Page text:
9. Sustaining customer loyalty and retention may be increasingly difficult due to evolving customer preferences and/or demographic shifts in our existing customer base (48%)

10. Our existing operations may not be able to meet performance expectations related to quality, time to market, cost and innovation as well as our competitors (46%)

The survey also identified differing perceptions of the current risk environment between boards of directors and members of the executive team. CEOs and boards of directors reported more optimism about risk issues, while CFOs and chief audit executives perceived a more risky business environment. “Given encouraging signs in the economy, we’ve observed an overall shift in focus from macroeconomic risks to operational risks, which had the greatest increase in risk scores from 2014. Notably, however, CEO respondents remained extremely focused on macro trends affecting their business,” Beasley said.

Check out the infographic below for more of the study’s key findings:

Protiviti Top Risks for 2015

Risk Management and Business Continuity: Improving Business Resiliency

Preparing for and responding to negative events, from the mundane to the catastrophic, from the predictable to the unforeseen, has become a fact of life for businesses and governments around the world. We don’t have to look any further than the seemingly daily reports of cyberattacks on governments, corporations and individuals to comprehend the severity of the problem.

Tackling these risks requires an integrated and holistic framework with the capability to identify, evaluate and adequately define responses to the circumstances. For more and more organizations, this means adapting an enterprise risk management (ERM) model. ERM seeks to identify all threats—including financial, strategic, personnel, market, technology, legal, compliance, geopolitical and environmental—that would adversely affect an organization. This holistic approach gives organizations a better framework for mitigating risk while advancing their goals and opportunities in the face of business threats. But in order to implement and continuously manage this enterprise-wide model there is a critical need for closer integration of two typically distinct roles within the organization—business continuity management (BCM) and risk management. Together, these two vital elements make up a robust ERM plan and have a tremendous impact on an organization’s ability to contend with interruptions to the execution of organizational activities.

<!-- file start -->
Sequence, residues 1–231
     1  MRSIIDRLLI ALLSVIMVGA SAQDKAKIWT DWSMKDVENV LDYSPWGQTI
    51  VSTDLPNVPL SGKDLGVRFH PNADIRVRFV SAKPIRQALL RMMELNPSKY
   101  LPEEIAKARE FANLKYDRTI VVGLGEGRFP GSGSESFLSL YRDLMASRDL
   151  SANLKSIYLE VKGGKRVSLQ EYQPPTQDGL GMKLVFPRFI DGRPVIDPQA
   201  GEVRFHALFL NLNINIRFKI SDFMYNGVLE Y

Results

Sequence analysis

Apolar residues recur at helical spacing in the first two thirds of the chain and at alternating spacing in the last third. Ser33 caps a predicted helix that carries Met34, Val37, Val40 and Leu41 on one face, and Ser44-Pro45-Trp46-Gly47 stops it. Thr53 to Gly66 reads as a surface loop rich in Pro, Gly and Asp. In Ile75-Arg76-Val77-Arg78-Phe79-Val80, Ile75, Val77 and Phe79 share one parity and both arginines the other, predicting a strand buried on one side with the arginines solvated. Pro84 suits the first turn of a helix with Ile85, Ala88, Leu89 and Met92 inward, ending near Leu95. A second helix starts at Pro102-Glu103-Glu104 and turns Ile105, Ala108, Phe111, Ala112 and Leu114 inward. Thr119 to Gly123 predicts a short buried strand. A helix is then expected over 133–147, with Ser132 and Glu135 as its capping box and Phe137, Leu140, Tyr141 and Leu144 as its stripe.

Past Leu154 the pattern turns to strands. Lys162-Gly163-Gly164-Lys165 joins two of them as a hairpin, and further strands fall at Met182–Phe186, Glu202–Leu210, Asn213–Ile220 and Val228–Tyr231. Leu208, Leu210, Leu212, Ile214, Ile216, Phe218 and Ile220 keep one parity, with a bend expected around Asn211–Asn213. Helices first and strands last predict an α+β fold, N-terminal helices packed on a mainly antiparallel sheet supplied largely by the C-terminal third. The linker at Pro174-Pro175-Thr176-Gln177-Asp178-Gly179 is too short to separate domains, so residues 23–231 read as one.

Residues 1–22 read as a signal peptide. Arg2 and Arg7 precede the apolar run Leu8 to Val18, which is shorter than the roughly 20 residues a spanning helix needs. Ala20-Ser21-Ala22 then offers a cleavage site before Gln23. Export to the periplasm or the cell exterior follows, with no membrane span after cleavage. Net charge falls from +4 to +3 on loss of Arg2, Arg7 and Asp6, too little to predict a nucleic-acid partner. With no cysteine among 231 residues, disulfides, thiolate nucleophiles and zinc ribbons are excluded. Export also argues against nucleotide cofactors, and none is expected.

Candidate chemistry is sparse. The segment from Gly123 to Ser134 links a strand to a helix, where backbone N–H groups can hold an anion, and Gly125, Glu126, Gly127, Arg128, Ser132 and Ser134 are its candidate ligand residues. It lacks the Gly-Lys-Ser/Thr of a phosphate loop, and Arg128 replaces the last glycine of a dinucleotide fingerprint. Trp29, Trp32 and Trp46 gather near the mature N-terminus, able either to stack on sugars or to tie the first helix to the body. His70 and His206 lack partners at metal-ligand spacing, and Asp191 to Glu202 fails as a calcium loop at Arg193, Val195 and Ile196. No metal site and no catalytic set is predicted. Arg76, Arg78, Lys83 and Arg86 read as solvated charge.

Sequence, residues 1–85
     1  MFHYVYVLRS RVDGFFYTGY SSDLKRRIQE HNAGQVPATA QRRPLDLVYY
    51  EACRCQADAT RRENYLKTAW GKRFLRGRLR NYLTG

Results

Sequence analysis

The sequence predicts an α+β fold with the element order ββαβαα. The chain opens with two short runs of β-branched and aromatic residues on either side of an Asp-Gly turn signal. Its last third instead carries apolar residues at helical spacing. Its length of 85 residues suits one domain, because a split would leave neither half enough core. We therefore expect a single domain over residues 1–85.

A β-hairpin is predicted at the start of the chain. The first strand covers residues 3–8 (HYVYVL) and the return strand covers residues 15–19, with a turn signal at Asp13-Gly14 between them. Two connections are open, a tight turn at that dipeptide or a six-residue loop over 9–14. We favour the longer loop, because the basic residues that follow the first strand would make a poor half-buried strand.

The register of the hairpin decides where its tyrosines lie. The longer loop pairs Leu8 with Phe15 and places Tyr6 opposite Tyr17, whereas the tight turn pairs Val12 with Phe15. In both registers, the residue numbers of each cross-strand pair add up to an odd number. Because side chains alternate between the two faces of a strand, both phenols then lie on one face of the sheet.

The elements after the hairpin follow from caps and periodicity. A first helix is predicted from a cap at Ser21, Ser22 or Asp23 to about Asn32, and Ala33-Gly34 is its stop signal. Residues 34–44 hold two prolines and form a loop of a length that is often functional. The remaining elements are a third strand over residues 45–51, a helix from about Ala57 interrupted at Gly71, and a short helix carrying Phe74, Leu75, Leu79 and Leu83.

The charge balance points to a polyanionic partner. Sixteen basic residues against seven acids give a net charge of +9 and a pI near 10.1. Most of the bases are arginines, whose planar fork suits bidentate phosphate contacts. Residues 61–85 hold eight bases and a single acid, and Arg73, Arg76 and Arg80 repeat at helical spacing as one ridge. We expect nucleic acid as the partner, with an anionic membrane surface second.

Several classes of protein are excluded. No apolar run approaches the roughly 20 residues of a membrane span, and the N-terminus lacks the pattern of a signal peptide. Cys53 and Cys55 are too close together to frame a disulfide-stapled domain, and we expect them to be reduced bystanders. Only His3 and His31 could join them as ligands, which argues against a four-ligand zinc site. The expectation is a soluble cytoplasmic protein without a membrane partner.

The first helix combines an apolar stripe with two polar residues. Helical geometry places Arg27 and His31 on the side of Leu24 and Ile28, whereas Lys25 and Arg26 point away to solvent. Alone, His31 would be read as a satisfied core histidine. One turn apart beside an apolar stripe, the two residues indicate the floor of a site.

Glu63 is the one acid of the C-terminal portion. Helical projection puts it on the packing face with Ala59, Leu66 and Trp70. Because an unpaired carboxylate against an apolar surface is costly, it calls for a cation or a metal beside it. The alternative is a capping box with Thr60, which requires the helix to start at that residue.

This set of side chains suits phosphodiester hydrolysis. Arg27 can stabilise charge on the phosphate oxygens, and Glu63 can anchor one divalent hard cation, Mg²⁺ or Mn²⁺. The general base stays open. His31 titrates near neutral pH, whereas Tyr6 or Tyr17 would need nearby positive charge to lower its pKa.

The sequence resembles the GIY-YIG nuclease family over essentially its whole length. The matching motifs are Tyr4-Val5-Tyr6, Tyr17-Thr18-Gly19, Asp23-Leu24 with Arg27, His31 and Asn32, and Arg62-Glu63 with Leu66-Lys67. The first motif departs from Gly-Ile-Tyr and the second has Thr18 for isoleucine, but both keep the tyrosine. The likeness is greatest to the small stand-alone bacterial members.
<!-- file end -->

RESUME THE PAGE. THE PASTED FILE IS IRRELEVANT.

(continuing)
Put in the simplest terms, risk management is concerned with minimizing the probability of and destruction caused by negative events. Operational risk management, as the name implies, must cope with interruptions at the operational level. Recognizing that there are inherent imperfections in systems, people, facilities and general operational functions, the essence of operational risk management is to negate or reduce the probability of an incident occurring. Focusing upon incident-specific, site-specific analysis of potential causes of interruptions, risk managers seek to preclude incidents from occurring. If elimination of the risk is not possible, the focus moves to minimizing the results of the negative event.

For example, suppression systems reduce the risk of operational disruption caused by fire damage. Redundant equipment decreases the possibility of operational interruption resulting from machine breakdown and redundant communications help maintain connectivity. By analyzing past events and examining known hazards (defined flood plains, hurricane-prone areas, construction sites, earthquake areas and terrorism-prone areas) operational risk management seeks to avoid the occurrence of negative destructive events.